In addition to running an enterprise with more servers that offer more and more different services, today’s enterprise may employ virtualization to help drive costs down. Virtualization creates situations where servers can come into existence and disappear based on demand requirements. Even a virtual server may require that certain jobs run on schedule. And since virtual machines don’t require an increase in physical chassis count, there is a propensity simply to spin up a new virtual machine any time a customer or department manager requests a new server. This results in a higher “virtual chassis” count. But, even a virtual server has some job scheduling requirements. Logs need to be rotated periodically, and depending on how you architect your enterprise, it might make sense to run backups from within the virtual machine or container.

So modern system administrators are faced with a twofold problem: they have to manage a wider variety of servers, and they have to manage a larger number of them.

From a technical point of view, it’s not too terribly difficult to replicate a crontab file to any given number of servers. It’s just a matter of a bit of scripting. But from a practical point of view, it’s just another manual step in what should be an automated process.

But, then it gets worse. Not every server needs the same crontab file. A Web server requires different jobs to run from what a database server would. And the accounting department may have jobs that need to run on its servers before jobs in payroll can run. However, all the servers in a given organization may share a core set of jobs that run across the entire enterprise. Managing this could prove painful.

In an ideal world, you’d like to be able to categorize your servers based on things like operating system, function, department, or development cycle such as development or production.

You’d like to be able to run a log analysis job on your Web servers that wouldn’t be meaningful to run on your database servers, even though the database servers feed their data to the Web servers. On the other hand, your database servers require periodic table maintenance that the mail servers don’t require.

If your sales department servers are customer-facing, you might decide to run their server backups outside business hours and run the accounting department’s backups during the day so that their processing jobs can run the following night.

Certainly, your Linux servers require different scheduled jobs to run than your BSD and Windows servers, but you’d still like to manage them all from a central location.


FIGURE 2. The ideal job scheduling tool should work the same on Windows and various flavors of UNIX.

Finally, you might like to back up your development servers more frequently than the corresponding production servers, because the development servers change more frequently.

Being able to categorize servers and schedule jobs on each server according to various criteria enables system administrators to manage a larger enterprise more efficiently. A good software tool would make managing these criteria and the distribution of job schedules as efficient and effortless as possible.

Dependency Management


One area of job scheduling that cron just doesn’t do well is job dependency management. Some jobs simply cannot run until other jobs have completed.

A classic example is the database server that requires scheduled maintenance each night. It doesn’t do any good to run the backup job on a database server that is still running its daily maintenance. In fact, it can be devastating. At best, both jobs conflict with each other and slow each other down, causing them to run longer than needed. At worst, one job corrupts the other; the backup job backs up a database that is only partially repaired, or the repair job attempts to repair a database that is locked by the backup job.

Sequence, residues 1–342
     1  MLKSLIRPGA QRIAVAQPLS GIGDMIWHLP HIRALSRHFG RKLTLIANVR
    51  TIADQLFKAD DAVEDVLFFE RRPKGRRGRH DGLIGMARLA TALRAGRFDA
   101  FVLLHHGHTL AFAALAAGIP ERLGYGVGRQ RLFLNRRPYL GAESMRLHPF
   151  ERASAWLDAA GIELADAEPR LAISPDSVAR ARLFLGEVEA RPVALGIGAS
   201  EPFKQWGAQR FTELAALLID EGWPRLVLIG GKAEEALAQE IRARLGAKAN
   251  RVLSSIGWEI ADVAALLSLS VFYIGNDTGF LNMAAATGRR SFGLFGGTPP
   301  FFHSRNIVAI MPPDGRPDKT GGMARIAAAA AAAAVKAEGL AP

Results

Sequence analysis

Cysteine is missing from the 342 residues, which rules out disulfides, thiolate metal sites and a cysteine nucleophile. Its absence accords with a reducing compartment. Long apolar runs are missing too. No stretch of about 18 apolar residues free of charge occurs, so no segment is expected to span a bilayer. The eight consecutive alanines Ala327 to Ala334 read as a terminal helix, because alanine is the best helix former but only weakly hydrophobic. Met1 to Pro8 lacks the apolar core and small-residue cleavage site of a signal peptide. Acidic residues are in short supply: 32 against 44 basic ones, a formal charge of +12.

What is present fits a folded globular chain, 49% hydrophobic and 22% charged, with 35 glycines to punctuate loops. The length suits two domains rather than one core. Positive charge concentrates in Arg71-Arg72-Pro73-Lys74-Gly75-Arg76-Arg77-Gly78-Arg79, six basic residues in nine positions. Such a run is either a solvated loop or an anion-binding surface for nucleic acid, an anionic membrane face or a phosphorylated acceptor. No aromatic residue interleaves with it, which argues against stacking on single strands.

As another example, it might make sense to process a company’s accounts payable (AP) before processing the accounts receivable (AR). In this way, you can be sure that your accounts never are negative since all of the outgoing money was spent before any of the incoming money came in. Of course, if you work at a bank, it might make sense to process withdrawals before deposits so as to increase the potential of collecting insufficient funds penalties.

And to put this all together, it might make sense to run the database backup job after the maintenance job, which should be run only once both the AP and AR jobs have completed.

Typically, this type of goal is accomplished by clever, and perhaps sloppy, job scheduling. You would schedule the AP processing right at 8 p.m. on the East coast, which is still 5 p.m. on the West coast. Then, knowing that the AP job typically only takes an hour to run, you would consider running the AR job at 10 p.m., giving yourself an hour of leeway in case the AP job takes longer than normal. Using the same logic, you schedule the database repair at 11 p.m., and finally, the backup at 1 a.m. the next morning. Remember, this is only about four hours of processing. But because of the limitations in job scheduling with cron, you’ve had to string it out over eight hours. Just in case there’s a problem with any of these jobs, a system administrator would need to be on call while they run, and there’s a big difference between being on call until 9 p.m. and being on call until 1 a.m.!

Simply put, cron doesn’t understand job dependency, so you have to resort to clever, and inefficient, job sequencing. The situation gets even worse when the various jobs that depend upon each other are run on different servers, perhaps in different data centers spread out across timezones.

It would be nice to be able to schedule a job to run as soon as all of its dependencies have been met. In this case, if a given job runs faster than normal, the other jobs get to run sooner. On the other hand, if a job runs longer than normal, it just runs longer, and the other jobs simply wait until it’s time for them to run.


FIGURE 3. The status of every job on every server is just a few clicks away.